Transplant medicine has made amazing progress in the last 50 years, with new research and surgical techniques saving thousands of lives worldwide. In 2017, a record number of more than 34,000 transplant surgeries were performed in the U.S. I have worked in the Transplant Center at Mayo Clinic's campus in Rochester, Minnesota, for nearly 20 years. Just during the time that I have been with Mayo, processes and procedures have changed the way we care for patients and have allowed us to perform more transplants than ever before.
In 1963, Mayo Clinic officially entered the field of transplantation with a bone marrow and kidney transplant. Today Mayo is the largest integrated transplant provider in the U.S. performing more than 2,000 transplants each year. While some innovations are still in clinical trials, some of these transplants were made possible by innovative transplant procedures, research and medical advances pioneered by Mayo Clinic. Here are just a few transplant-related innovations that have occurred in the last few years at Mayo Clinic.
Dr. David Lott came to Mayo Clinic's campus in Phoenix, Arizona in 2011 on a mission – to start a laryngotracheal transplant program – the first in the U.S. Dr. Lott is embarking on a five-year clinical trial of 10 laryngotracheal transplant patients. “We have a handful of patients waiting for the trial to commence,” he says. “Mayo wants to be at the forefront of transplant medicine, and this will be the world’s first full-fledged laryngotracheal transplant program. We’re excited to change the lives of these patients.” In addition to the laryngotracheal transplant program, which will use cadaver larynges, Dr. Lott and his team are working on a bioengineered larynx program. They’ll use a patient’s own stem cells to create tissue to replace the damaged areas of the larynx and trachea. Over several weeks of special treatment, the stem cells will grow new tissue on a patient-specific scaffold made on a 3-D printer in a new cell therapy laboratory at Mayo Clinic.
Due to a nationwide organ shortage and never-ending quest to find the best answers, medical science can provide, Mayo Clinic researchers are studying alternatives to transplant including using stem cells to repair, replace or regenerate diseased cells. Researchers study and test how reprogrammed stem cells may be turned into specialized cells that can repair or regenerate cells in the heart, blood, nerves and other parts of the body. These stem cells have the potential to treat many conditions and could eliminate many of the long waits on the transplant waiting lists.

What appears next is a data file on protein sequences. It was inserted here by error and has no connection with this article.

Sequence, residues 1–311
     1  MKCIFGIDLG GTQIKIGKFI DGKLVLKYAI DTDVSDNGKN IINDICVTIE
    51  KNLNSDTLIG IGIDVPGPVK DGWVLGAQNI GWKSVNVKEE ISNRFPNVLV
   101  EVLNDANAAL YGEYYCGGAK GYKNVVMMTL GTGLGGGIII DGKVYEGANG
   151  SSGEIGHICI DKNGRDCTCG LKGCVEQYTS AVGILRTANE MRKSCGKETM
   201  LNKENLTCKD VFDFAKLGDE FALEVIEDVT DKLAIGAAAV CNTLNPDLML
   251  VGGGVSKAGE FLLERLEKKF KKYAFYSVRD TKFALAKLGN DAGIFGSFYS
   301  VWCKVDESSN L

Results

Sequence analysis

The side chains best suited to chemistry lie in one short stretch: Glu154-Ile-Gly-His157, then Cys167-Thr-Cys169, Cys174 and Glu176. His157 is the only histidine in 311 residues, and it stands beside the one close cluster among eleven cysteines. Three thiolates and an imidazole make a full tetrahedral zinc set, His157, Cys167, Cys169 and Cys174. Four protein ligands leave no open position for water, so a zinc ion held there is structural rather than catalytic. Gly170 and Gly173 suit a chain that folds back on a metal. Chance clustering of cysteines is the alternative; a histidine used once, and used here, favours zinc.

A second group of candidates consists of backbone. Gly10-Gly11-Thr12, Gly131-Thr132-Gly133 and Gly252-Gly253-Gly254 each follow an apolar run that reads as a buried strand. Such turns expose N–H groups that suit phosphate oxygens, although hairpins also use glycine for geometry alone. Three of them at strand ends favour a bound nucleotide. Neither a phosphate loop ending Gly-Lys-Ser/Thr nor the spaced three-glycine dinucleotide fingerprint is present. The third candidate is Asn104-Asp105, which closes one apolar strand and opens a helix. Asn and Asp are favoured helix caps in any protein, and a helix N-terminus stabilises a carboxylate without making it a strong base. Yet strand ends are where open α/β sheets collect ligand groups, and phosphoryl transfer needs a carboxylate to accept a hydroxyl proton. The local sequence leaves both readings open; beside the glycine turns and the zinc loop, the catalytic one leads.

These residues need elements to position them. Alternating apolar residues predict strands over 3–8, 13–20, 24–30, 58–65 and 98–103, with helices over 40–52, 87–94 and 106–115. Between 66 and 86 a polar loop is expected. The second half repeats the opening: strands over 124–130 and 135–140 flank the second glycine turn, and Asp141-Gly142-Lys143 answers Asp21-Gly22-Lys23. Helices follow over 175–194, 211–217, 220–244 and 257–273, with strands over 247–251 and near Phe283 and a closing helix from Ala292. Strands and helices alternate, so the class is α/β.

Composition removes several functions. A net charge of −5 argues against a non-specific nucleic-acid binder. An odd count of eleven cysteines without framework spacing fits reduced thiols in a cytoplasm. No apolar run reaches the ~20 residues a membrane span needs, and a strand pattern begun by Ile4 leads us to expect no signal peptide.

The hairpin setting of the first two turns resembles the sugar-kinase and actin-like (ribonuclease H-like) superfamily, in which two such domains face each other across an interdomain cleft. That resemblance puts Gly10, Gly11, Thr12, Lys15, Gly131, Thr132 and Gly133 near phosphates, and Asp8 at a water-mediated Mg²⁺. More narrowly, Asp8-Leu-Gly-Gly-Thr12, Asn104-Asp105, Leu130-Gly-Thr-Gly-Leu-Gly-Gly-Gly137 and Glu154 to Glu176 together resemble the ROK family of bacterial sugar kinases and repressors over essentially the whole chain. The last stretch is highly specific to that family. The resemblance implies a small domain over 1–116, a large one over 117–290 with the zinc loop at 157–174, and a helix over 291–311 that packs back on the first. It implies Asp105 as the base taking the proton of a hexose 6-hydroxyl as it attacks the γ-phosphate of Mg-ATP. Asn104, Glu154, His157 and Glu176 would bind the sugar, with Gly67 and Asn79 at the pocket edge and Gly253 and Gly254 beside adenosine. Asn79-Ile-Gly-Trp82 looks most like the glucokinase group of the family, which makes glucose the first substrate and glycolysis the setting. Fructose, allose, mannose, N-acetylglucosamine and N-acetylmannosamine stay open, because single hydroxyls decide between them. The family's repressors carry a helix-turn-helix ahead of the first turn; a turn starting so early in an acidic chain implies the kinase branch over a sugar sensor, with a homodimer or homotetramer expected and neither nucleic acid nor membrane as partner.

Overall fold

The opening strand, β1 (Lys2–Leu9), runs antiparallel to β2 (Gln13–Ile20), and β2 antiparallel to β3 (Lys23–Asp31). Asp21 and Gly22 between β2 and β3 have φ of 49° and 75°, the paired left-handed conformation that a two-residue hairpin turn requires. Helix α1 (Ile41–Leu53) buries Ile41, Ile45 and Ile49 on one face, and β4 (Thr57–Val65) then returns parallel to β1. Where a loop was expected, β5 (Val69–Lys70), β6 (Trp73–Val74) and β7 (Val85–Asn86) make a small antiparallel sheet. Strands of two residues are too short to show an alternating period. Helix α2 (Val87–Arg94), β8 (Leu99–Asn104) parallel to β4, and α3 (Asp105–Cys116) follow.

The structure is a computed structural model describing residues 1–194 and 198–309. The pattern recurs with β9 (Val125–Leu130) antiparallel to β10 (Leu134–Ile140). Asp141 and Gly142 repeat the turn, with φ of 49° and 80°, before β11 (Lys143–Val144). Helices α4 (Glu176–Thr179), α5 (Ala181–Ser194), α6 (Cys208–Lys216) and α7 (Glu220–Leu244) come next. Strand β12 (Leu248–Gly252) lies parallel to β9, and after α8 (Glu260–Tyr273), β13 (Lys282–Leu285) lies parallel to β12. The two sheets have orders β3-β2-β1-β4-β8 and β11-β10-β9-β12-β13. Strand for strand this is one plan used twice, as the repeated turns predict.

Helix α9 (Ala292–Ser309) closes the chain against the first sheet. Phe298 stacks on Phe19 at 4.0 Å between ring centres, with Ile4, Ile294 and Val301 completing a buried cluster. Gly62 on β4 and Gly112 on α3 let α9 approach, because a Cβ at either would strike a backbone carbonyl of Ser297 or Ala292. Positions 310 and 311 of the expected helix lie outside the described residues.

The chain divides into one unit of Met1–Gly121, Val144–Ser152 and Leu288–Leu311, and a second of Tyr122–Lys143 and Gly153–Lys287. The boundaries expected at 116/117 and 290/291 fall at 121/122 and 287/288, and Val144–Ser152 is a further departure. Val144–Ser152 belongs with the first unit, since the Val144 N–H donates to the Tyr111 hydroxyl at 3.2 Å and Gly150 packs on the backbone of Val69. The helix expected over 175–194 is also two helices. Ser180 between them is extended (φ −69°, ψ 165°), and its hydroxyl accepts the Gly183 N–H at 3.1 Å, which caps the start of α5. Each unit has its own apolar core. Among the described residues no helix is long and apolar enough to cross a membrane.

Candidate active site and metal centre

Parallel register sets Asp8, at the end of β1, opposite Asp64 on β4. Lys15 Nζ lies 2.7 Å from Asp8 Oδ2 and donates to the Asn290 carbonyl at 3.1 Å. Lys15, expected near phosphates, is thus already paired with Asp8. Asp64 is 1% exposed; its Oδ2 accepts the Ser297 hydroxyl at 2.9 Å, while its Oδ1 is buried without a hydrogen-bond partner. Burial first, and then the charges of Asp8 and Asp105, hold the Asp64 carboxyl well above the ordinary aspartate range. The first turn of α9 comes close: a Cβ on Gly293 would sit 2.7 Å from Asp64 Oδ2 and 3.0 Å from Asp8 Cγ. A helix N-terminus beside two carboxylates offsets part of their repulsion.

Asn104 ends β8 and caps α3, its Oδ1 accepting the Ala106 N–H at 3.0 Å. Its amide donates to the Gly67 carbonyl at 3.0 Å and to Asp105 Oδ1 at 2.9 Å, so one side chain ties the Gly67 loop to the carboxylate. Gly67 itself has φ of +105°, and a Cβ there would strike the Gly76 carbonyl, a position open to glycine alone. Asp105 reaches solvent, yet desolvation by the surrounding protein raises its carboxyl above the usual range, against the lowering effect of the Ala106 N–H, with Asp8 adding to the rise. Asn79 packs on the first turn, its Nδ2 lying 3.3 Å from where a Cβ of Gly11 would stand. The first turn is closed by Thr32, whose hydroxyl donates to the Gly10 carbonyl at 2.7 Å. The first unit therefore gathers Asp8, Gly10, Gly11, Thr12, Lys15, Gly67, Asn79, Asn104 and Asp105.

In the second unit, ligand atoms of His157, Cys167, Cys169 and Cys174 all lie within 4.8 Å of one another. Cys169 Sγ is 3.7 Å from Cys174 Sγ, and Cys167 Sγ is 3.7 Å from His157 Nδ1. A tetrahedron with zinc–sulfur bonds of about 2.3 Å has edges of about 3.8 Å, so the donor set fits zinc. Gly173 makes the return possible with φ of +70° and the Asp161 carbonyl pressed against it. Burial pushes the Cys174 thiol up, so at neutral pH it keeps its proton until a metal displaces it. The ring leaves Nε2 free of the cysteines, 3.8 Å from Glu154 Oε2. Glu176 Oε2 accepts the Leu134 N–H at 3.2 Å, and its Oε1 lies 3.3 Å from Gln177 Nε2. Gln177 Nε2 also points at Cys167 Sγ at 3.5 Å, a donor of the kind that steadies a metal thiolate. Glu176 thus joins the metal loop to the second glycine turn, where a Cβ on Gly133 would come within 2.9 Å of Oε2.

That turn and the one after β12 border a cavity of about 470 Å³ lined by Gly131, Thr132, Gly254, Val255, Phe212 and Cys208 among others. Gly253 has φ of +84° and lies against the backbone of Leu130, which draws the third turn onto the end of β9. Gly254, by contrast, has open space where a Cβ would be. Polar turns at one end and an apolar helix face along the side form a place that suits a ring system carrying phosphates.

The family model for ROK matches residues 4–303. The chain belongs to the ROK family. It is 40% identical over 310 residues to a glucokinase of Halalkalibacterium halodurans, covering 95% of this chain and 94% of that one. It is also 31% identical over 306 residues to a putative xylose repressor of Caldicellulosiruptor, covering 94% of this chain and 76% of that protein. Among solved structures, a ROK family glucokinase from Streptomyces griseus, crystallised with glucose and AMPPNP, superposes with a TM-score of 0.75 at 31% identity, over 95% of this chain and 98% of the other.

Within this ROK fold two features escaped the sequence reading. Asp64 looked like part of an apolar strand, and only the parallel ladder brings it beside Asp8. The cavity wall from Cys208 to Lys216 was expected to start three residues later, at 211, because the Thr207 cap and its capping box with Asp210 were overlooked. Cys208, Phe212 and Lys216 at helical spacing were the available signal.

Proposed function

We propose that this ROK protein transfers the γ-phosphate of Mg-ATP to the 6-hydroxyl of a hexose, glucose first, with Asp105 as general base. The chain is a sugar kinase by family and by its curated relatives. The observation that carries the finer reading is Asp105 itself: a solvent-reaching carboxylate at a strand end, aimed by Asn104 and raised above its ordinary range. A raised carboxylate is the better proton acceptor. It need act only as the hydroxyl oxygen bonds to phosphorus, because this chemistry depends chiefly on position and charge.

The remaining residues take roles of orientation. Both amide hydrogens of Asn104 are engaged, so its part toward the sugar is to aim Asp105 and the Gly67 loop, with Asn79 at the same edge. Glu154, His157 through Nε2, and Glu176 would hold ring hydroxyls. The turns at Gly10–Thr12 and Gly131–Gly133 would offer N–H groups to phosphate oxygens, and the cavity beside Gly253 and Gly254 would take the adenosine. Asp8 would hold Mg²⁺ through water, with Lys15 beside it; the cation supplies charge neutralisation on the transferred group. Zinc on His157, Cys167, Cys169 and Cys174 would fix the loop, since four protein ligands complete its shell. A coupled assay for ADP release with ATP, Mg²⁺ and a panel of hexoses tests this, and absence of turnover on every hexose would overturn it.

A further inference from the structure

Liver Ex Vivo Perfusion
When a liver is removed from a donor for transplant, surgeons typically have less than 12 hours to transplant that liver into the recipient. Current practice is to place the liver in cold storage in a preservation solution at 4 degrees Celsius. Dr. Andrew Singer of Mayo Clinic's campus in Phoenix, Arizona is the principal investigator for a clinical trial to increase that preservation time for as long as 24 hours, using a perfusion system that keeps the liver at a temperature that simulates the human body. Dr. Singer believes this new system will give surgeons longer time to transport livers over longer distances – which could minimize deaths on the waiting list by allowing the sickest patients to have those organs regardless of where they are located around the country.
We talked above a little bit about regenerative medicine, but what if liver disease could be cured by using a patient’s own cells to correct their liver disease? Dr. Scott Nyberg of Mayo Clinic's campus in Rochester, Minnesota has spent his professional life perfecting such a system. Dr. Nyberg is trained as a transplant surgeon and biomedical engineer, and his vision for the future is to engineer livers to address the organ shortage. Sometimes livers are donated that are not able to be used for transplant. Dr. Nyberg uses these livers in his research. He removes all the cells from the liver and replaces those cells with cells from a patient, creating a whole new organ. He and his colleagues hope to someday help eradicate the waiting list and eliminate the need for more deceased organ donors for patients with liver failure.
Even with the high transplant volumes, the rising number of organ donors, and the medical and surgical innovations that continue to be discovered, twenty people in the U.S. still die each day waiting for an organ. There’s more work for us all to do – more medical and surgical innovations to research, more opportunities to promote organ donation and more advances to put to use for our patients.
What do you think will be the next big transplant innovation?
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